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Stocks sag but still finish in the black

THE sharemarket finished higher yesterday despite late-session weakness by resource heavyweights and the dark shadow of Europe's debt crisis overhanging the market.

THE sharemarket finished higher yesterday despite late-session weakness by resource heavyweights and the dark shadow of Europe's debt crisis overhanging the market.

At the close, the S&P/ASX 200 Index was up 26.8 points, or 0.64 per cent, at 4213.7 19 points below its best for the day..

Ord Minnett private client adviser Jon Hancock said the resource sector had lost steam during the session, with shares in Rio Tinto giving up ground after it approved a $US1.33 billion of funding for its Simandou iron ore project in Guinea.

Rio Tinto finished down $1.17, or 1.8 per cent, at $65.08 after early sales at $66.40.

BHP Billiton closed flat at $36.40 after gaining 0.6 per cent earlier in the session, and Fortescue Metals Group lost 12?, or 2.6 per cent, to $4.52.

Lynas Corporation was another major mover, falling 12?, or 9.9 per cent, to $1.09 on turnover of 72.2 million shares on media reports that it has not been granted a licence to import rare earth ores into Malaysia.

"[There were] huge volumes going through there," Mr Hancock said. "Volumes are relatively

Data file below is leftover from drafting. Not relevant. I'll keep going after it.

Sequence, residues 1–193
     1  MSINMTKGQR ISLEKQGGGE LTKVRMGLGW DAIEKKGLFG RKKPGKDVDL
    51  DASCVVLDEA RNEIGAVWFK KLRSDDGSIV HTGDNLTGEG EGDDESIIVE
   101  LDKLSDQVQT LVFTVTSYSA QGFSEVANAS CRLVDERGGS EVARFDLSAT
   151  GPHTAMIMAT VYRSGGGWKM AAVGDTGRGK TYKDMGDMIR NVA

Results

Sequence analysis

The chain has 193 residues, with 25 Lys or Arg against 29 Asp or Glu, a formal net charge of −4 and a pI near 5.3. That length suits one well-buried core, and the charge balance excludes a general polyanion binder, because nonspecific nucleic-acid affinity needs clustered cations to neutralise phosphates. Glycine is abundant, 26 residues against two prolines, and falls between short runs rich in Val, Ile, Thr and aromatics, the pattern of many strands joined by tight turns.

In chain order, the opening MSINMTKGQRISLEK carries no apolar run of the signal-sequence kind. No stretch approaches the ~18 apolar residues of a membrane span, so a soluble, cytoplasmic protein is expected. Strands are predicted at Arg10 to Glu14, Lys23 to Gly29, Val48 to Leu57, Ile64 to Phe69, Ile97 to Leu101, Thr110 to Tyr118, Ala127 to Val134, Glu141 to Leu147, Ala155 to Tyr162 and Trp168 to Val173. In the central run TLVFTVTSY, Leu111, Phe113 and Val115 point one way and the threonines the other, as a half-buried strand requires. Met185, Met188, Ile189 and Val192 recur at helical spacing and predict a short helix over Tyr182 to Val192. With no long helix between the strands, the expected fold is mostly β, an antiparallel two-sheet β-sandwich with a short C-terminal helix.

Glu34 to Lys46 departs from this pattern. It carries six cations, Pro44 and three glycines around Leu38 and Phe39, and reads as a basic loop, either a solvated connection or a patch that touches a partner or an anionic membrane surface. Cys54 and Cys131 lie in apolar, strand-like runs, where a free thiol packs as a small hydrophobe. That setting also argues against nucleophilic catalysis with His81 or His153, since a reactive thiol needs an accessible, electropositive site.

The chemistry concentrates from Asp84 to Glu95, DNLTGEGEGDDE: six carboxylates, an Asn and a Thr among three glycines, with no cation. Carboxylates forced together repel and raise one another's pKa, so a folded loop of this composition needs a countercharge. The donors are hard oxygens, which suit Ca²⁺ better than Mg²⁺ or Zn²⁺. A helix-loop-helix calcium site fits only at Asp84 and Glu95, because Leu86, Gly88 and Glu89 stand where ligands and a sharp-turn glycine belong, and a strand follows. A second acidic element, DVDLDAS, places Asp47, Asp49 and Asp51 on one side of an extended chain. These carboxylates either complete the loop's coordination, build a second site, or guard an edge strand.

light but you've got spots of pretty strong volumes."

Europe's debt crisis continued to be a cloud hanging over the market, he said. "There is no way that a meeting next week is going to ensure the problem is going to go away."

Banks and financial stocks were higher, with the big four lenders led by National Australia Bank, which gained 37?, or 1.5 per cent, to $24.60.

Telstra rallied 5?, or

1.6 per cent, to $3.18 on turnover of 47.4 million shares after Tuesday's shareholder vote to approve the telco's deal with the federal government on the national broadband network.

US stocks rallied strongly overnight near the close on a report in Britain's The Guardian that France and Germany were ready to sharply boost the euro zone's rescue fund to help counter the sovereign debt crisis.

However, Dow Jones Newswires later reported that an official familiar with the negotiations had said reports of an agreement by Germany and France to raise the European Financial Stability Facility to ?2 trillion ($A2.7 billion) were "totally wrong".

Patersons Securities associate director John Curtin said the Australian market would be in a lull until the Reserve Bank's interest rate decision on November 1.

The spot price of gold in Sydney finished the Australian session down $US8.05 at $US1659.87 an ounce.


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